PDF Full-text (3466 KB) | HTML Full-text | XML Full-text | Supplementary Files
Abstract
A container used in contact lens cleaning requires a Pt plating weight of 1.5 mg for H2O2 decomposition although Pt is an expensive material. Techniques that decrease the amount of Pt are therefore needed. In this study, Pt nanoparticles instead
[...] Read more.
A container used in contact lens cleaning requires a Pt plating weight of 1.5 mg for H2O2 decomposition although Pt is an expensive material. Techniques that decrease the amount of Pt are therefore needed. In this study, Pt nanoparticles instead of Pt plating film were supported on a substrate of acrylonitrile–butadiene–styrene copolymer (ABS). This was achieved by the reduction of Pt ions in an aqueous solution containing the ABS substrate using high-energy electron-beam irradiation. Pt nanoparticles supported on the ABS substrate (Pt-particle/ABS) had a size of 4–10 nm. The amount of Pt required for Pt-particle/ABS was 250 times less than that required for an ABS substrate covered with Pt plating film (Pt-film/ABS). The catalytic activity for H2O2 decomposition was estimated by measuring the residual H2O2 concentration after immersing the catalyst for 360 min. The Pt-particle/ABS catalyst had a considerably higher specific catalytic activity for H2O2 decomposition than the Pt-film/ABS catalyst. In addition, sterilization performance was estimated from the initial rate of H2O2 decomposition over 60 min. The Pt-particle/ABS catalyst demonstrated a better sterilization performance than the Pt-film/ABS catalyst. The difference between Pt-particle/ABS and Pt-film/ABS was shown to reflect the size of the O2 bubbles formed during H2O2 decomposition. Full article
(This article belongs to the Special Issue Noble Metal Nanoparticles in Catalysis)
Figures

Open AccessArticle First-Principles Study of Structural, Electronic and Magnetic Properties of Metal-Centered Tetrahexahedral V15+ Cluster
Nanomaterials 2017, 7(7), 164; doi:10.3390/nano7070164
Received: 30 May 2017 / Revised: 22 June 2017 / Accepted: 27 June 2017 / Published: 30 June 2017
PDF Full-text (1536 KB) | HTML Full-text | XML Full-text | Supplementary Files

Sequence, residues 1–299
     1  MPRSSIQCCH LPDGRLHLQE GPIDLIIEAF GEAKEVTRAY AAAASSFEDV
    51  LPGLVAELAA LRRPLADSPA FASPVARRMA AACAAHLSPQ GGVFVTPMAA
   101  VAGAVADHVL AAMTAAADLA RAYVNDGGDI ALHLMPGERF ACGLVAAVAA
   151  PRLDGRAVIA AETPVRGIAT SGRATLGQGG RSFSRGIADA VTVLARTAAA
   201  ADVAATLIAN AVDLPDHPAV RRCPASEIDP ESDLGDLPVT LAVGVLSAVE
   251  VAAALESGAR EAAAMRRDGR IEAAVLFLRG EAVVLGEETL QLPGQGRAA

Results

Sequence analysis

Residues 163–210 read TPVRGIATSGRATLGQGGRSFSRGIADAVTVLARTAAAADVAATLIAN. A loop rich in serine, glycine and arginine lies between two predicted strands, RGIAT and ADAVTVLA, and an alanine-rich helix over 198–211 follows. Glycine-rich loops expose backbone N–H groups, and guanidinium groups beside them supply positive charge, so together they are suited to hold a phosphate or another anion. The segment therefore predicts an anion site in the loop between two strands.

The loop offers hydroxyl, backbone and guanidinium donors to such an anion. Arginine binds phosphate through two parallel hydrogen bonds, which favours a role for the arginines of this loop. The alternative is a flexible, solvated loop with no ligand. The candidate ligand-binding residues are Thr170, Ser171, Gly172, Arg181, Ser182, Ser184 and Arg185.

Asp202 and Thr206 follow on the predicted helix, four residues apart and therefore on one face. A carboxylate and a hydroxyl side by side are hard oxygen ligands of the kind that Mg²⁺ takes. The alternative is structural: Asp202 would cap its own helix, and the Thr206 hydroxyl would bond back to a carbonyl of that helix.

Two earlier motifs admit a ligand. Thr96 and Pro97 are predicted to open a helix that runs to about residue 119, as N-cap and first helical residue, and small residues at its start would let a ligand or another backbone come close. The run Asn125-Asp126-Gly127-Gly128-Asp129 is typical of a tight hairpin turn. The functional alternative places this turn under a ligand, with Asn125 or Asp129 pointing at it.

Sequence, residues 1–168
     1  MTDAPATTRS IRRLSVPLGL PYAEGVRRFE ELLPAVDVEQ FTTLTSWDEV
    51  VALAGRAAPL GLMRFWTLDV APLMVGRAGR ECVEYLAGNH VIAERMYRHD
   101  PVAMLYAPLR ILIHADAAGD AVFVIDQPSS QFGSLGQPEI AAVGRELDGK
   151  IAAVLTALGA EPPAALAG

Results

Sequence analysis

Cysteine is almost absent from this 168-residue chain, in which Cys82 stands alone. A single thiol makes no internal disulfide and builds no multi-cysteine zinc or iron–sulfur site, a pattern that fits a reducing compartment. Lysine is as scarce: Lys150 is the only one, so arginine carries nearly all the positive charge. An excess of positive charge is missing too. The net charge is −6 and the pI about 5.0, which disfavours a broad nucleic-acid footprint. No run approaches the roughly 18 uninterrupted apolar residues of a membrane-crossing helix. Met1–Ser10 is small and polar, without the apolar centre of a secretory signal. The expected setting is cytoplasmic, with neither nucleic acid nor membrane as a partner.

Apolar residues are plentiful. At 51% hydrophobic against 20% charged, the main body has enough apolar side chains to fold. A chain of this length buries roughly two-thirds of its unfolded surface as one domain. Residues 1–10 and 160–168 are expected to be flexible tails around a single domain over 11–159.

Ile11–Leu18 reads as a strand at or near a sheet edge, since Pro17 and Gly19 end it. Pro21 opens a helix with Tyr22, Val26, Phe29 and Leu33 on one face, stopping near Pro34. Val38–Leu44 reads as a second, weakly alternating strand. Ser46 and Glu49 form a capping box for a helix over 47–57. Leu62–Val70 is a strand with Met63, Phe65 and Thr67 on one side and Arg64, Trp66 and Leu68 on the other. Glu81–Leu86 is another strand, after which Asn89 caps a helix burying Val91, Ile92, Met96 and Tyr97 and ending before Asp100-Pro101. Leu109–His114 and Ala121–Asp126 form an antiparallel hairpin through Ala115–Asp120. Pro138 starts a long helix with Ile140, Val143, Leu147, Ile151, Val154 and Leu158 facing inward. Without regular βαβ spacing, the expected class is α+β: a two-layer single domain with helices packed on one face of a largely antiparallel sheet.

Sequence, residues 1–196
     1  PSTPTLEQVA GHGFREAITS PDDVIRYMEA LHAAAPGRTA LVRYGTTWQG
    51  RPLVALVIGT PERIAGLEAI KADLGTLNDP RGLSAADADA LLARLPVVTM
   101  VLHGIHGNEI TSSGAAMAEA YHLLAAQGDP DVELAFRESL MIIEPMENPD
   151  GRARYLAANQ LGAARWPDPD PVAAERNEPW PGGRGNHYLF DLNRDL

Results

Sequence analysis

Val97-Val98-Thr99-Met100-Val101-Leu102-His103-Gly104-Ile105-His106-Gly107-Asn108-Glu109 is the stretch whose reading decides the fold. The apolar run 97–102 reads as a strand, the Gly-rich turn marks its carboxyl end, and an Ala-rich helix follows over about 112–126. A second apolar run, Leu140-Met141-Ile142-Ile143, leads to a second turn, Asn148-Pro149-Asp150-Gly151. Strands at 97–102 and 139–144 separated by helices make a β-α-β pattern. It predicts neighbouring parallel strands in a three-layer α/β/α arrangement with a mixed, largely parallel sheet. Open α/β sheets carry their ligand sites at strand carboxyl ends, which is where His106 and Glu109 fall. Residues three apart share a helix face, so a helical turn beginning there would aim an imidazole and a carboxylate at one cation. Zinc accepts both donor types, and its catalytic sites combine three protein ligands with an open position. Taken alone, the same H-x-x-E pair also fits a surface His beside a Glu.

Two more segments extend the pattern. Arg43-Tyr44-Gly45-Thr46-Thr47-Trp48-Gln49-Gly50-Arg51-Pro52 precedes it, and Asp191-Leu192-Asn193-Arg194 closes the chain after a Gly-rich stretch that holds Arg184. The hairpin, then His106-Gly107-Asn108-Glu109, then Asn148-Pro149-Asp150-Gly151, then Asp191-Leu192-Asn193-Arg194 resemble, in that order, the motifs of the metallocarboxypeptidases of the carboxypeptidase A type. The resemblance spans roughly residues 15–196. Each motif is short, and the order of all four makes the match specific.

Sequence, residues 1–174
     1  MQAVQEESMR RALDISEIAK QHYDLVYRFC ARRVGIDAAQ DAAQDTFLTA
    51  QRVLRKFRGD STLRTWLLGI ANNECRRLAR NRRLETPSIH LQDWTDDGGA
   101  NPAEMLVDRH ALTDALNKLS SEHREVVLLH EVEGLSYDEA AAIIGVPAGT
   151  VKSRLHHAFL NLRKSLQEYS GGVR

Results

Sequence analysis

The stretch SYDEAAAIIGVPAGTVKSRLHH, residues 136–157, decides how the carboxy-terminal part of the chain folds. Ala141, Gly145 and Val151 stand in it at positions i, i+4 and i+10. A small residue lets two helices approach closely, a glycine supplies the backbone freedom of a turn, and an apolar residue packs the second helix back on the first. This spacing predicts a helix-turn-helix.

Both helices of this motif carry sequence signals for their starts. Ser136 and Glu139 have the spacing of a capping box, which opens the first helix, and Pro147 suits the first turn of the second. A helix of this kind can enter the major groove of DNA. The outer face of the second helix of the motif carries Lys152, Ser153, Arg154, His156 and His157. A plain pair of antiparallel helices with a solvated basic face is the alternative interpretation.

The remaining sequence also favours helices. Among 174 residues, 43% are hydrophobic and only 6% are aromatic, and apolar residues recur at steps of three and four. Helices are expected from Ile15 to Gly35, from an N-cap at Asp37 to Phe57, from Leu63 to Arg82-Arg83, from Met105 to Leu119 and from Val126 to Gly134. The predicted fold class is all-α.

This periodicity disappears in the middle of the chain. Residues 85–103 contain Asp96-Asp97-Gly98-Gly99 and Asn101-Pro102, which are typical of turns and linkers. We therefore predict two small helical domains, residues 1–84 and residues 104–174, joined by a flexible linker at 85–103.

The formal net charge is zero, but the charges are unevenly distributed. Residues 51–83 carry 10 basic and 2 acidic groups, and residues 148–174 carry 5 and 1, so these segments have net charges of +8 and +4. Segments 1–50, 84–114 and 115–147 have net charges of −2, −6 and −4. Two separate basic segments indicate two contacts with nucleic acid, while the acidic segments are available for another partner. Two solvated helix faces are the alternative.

Abstract
The V-centered bicapped hexagonal antiprism structure (A), as the most stable geometry of the cationic V15+ cluster, is determined by using infrared multiple photo dissociation (IR-MPD) in combination with density functional theory computations. It is found that the A
[...] Read more.
The V-centered bicapped hexagonal antiprism structure (A), as the most stable geometry of the cationic V15+ cluster, is determined by using infrared multiple photo dissociation (IR-MPD) in combination with density functional theory computations. It is found that the A structure can be stabilized by 18 delocalized 3c-2e σ-bonds on outer V3 triangles of the bicapped hexagonal antiprism surface and 12 delocalized 4c-2e σ-bonds on inner trigonal pyramidal V4 moiety, and the features are related to the strong p-d hybridization of the cluster. The total magnetic moments on the cluster are predicted to be 2.0 µB, which come mainly from the central vanadium atom. Full article
(This article belongs to the Special Issue Noble Metal Nanoparticles in Catalysis)
Figures

Open AccessArticle Synthesis of Pt@TiO2@CNTs Hierarchical Structure Catalyst by Atomic Layer Deposition and Their Photocatalytic and Photoelectrochemical Activity
Nanomaterials 2017, 7(5), 97; doi:10.3390/nano7050097
Received: 1 March 2017 / Revised: 20 April 2017 / Accepted: 26 April 2017 / Published: 29 April 2017
Cited by 1 | PDF Full-text (3100 KB) | HTML Full-text | XML Full-text
Abstract
Pt@TiO2@CNTs hierarchical structures were prepared by first functionalizing carbon nanotubes (CNTs) with nitric acid at 140 °C. Coating of TiO2 particles on the CNTs at 300 °C was then conducted by atomic layer deposition (ALD). After the TiO2@CNTs structure was fabricated, Pt particles
[...] Read more.
Pt@TiO2@CNTs hierarchical structures were prepared by first functionalizing carbon nanotubes (CNTs) with nitric acid at 140 °C. Coating of TiO2 particles on the CNTs at 300 °C was then conducted by atomic layer deposition (ALD). After the TiO2@CNTs structure was fabricated, Pt particles were deposited on the TiO2 surface as co-catalyst by plasma-enhanced ALD. The saturated deposition rates of TiO2 on a-CNTs were 1.5 Å/cycle and 0.4 Å/cycle for substrate-enhanced process and linear process, respectively. The saturated deposition rate of Pt on TiO2 was 0.39 Å/cycle. The photocatalytic activities of Pt@TiO2@CNTs hierarchical structures were higher than those without Pt co-catalyst. The particle size of Pt on TiO2@CNTs was a key factor to determine the efficiency of methylene blue (MB) degradation. The Pt@TiO2@CNTs of 2.41 ± 0.27 nm exhibited the best efficiency of MB degradation. Full article
(This article belongs to the Special Issue Noble Metal Nanoparticles in Catalysis)